Stories about Photos from October, 2012
Puerto Rico: Political Parties Reap the Benefits of Social Media
Social media have become a key part of daily life in Puerto Rico, a fact which has not escape the attention of the country's various political parties. Each of these has tried to capitalise on the enormous potential that social media offer, some with greater success than others.
Saint Lucia: Jounen Kwéyòl Festivities (Creole Day)
On Sunday, Saint Lucia celebrated its annual Jounen Kwéyòl (Creole Day). The day of activities were the culmination of Creole Heritage Month. On Jounen Kwéyòl, selected communities host a fair where the Creole culture is celebrated through dress, music and most of all, food.
Syria Destruction in Photos
Syrian photographers are using social media to share images of destroyed neighborhoods and streets. Despite the limited media resources, what comes out shows the horrific reality that Syria is under destruction.
Abuse Photos Attest the Need for Child Protection Law in China
A viral photo showing a smiling female kindergarten teacher lifting a child by his ears who then bursts into tears, has triggered online discussion on child abuse in China and the need for further child protection legislation.
Pakistan: Dr. Pervez Hoodbhoy fired from LUMS
MIT alumni and preeminent physicist Dr. Pervez Hoodbhoy has been fired from Lahore University of Management Sciences presumably because of ideological differences with the management. Dr. Hoodbhoy's contract was a buzzing news on the Pakistani twitter community.
Tajikistan's ‘Million Dollar Baby’ Hangs Up Her Gloves
Mavzuna Chorieva, Tajikistan's female boxer who brought the country its only medal at the 2012 Summer Olympics, has married and hung up her gloves, at least for a year. While many people in the country are happy for Chorieva, some have been disappointed over her decision.
Cuban Government Lifts Travel Restrictions for Citizens
On October 16, the Cuban government announced plans to eliminate controversial travel restrictions on Cuban citizens. The policy will take effect in January of 2013.
Puerto Rico: Another Way to Look Up
Puerto Rican street artist and photographer Enrique Arce, known as Aslan, has been posting photographs of airplanes on his Instagram account for over six months now as part of his "#parriba" (upwards) series. Global Voices author Alfredo Richner presents his favorite #parriba airplane photographs.
Spain: The Minister of Education's Many Gaffes
The Minister of Education, Culture and Sport of Spain, José Ignacio Wert, has sparked controversy after controversy since taking up his position less than a year ago. Netizens have not turned a blind eye.
France: Will Winter Come Early for Nice's Famous Flower Market?
Florists in Nice's iconic Flower Marker are having to deal with more and more administrative red tape - in addition to problems posed by the waste-management authorities. Will this spell the end for one of the city's most famous attractions?
Israel: The Unification of Right-Wing Parties Gives Birth to Bibirman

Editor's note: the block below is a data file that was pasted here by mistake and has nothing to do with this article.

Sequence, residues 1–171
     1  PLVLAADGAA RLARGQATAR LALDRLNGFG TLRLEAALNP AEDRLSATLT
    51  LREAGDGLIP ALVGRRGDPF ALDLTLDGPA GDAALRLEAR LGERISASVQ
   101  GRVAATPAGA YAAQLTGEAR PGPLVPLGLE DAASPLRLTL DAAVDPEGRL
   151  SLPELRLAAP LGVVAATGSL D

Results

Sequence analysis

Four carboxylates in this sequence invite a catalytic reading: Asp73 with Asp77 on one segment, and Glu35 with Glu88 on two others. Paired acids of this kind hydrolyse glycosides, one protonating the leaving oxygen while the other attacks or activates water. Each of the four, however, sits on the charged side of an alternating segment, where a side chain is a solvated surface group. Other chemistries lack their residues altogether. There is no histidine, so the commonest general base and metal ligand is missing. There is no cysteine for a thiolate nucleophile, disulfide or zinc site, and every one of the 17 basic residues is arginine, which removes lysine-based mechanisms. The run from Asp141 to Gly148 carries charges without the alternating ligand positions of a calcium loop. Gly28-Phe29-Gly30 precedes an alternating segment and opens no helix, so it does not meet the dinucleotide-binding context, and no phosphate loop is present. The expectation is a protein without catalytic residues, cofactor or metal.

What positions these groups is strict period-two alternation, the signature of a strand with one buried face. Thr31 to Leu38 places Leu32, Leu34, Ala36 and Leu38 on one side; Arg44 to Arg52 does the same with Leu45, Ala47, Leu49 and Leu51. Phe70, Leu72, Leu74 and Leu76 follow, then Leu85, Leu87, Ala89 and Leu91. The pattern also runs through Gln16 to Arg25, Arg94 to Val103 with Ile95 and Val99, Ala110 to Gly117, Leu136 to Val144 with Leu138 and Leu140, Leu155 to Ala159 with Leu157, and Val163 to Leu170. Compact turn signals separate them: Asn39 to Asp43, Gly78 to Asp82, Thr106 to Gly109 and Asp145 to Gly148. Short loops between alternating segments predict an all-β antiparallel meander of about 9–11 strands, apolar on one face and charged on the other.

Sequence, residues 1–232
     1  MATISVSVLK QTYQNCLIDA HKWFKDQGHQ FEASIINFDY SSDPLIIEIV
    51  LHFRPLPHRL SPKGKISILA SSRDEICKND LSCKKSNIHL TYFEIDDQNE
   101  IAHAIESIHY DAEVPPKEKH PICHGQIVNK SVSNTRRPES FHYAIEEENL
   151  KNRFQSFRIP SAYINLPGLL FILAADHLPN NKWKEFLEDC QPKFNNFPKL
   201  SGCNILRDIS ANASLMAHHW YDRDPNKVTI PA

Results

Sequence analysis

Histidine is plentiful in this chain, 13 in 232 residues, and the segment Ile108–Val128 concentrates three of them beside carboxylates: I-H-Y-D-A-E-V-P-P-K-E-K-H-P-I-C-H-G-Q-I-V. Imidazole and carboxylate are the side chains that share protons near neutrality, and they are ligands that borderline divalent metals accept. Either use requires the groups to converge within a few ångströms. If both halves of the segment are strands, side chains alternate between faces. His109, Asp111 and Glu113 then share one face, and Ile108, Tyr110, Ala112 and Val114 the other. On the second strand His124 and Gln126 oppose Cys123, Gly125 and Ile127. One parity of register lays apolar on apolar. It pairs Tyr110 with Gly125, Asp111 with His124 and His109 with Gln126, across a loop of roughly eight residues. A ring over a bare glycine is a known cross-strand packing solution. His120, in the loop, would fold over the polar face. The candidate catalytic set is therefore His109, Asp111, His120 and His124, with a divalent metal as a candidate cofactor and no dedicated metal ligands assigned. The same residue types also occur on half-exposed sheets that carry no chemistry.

Israelis took to Facebook and Twitter to react to the announcement that the two largest right-wing parties in Israel will run on a joint ballot in the upcoming January 2013 elections. The parties, Likud, headed by Prime Minister Binyamin (Bibi) Netanyahu, and Yisrael Beyetenu headed by Foreign Minister Avigdor Lieberman, are projected to form the next Israeli government, as all polls show that the right-wing blog will once against be dominant one in the Knesset.
Brazil: The Cry of Resistance of the Guarani Kaiowá
Under yet another threat of eviction from their lands, the Brazilian indigenous community of Guarani-Kaiowá released a letter that has rippled across the press and the web as a cry of resistance.
United States: Latin America Invisible in Third Presidential Debate
Lynn University in Boca Raton, Florida, was the venue of the third and final debate between President Barack Obama and former Massachusetts Governor Mitt Romney amidst a tight presidential race. Despite its geographical proximity to the U.S., Latin America was the big absentee of the night.
Mexico: Central American Mothers in Search of Missing Migrants
In the last six years around 70,000 migrants have disappeared in Mexico. Central American mothers of abducted and missing migrants are traveling in a caravan all over Mexico looking for their sons and daughters who have disappeared on their way north. The women also hope to capture the media's attention and raise awareness on this issue that has been largely ignored.
Guyana: Upcoming Chris Brown Concert Upsets Anti-Violence Advocates
When news broke that Barbadian-born singer Rihanna's then-boyfriend Chris Brown had allegedly assaulted her, Caribbean bloggers were outraged. Talk of an upcoming Chris Brown concert in Georgetown has bloggers speaking out about the dangerous message it sends about gender violence.
Panama: Protests Erupt in Colón Over Land Law
The sale of the land in the tax free zone of Colón has sparked a series of protests in Panamá. Government and protesters face off, and neither side seems to want to budge.
Madagascar: Preserving National Heritage with Video Archiving
A Civil Society Initiative has been set up to preserve the 'collective memory' of Madagascar by digitally archiving videos detailing its, often controversial, history. The Fl@H Association was set up to preserve Madagascar’s audiovideo heritage and aims to be a force for the preservation of the country’s history. Members can already point to several achievements.
Kuwait: The Country's Biggest Protest?
Tear gas and stun grenades were used to disperse a protest in Kuwait against changes to the electoral law. The Sunday march attracted about 150,000 out of the country's population of 3 million. Media outlets considered this number to be the biggest in the small Gulf emirate's history.